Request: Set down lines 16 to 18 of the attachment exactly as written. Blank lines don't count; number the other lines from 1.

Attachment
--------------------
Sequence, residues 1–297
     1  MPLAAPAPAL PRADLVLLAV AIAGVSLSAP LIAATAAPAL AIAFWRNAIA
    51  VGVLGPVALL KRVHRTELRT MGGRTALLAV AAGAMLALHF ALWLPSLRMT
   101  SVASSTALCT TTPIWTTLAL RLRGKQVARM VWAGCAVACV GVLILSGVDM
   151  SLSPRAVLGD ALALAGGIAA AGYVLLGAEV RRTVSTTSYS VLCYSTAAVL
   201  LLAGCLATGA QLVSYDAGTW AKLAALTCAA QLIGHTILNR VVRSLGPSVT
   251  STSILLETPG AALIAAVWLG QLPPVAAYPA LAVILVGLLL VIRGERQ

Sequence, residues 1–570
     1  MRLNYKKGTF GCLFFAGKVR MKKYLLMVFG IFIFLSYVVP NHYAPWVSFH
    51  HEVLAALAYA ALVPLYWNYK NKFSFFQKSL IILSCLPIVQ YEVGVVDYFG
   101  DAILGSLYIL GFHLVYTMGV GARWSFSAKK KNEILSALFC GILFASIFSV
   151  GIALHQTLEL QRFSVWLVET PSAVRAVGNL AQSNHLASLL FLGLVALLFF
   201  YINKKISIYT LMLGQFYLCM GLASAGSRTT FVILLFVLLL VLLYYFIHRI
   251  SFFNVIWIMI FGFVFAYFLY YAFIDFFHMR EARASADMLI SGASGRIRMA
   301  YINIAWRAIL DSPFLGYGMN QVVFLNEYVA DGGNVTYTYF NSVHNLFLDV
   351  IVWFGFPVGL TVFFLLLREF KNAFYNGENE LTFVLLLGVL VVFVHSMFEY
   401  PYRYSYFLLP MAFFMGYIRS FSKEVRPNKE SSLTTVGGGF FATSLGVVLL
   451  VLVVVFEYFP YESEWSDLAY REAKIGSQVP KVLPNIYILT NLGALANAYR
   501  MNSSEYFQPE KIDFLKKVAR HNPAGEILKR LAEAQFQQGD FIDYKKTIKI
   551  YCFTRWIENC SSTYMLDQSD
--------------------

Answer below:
   351  IVWFGFPVGL TVFFLLLREF KNAFYNGENE LTFVLLLGVL VVFVHSMFEY
   401  PYRYSYFLLP MAFFMGYIRS FSKEVRPNKE SSLTTVGGGF FATSLGVVLL
   451  VLVVVFEYFP YESEWSDLAY REAKIGSQVP KVLPNIYILT NLGALANAYR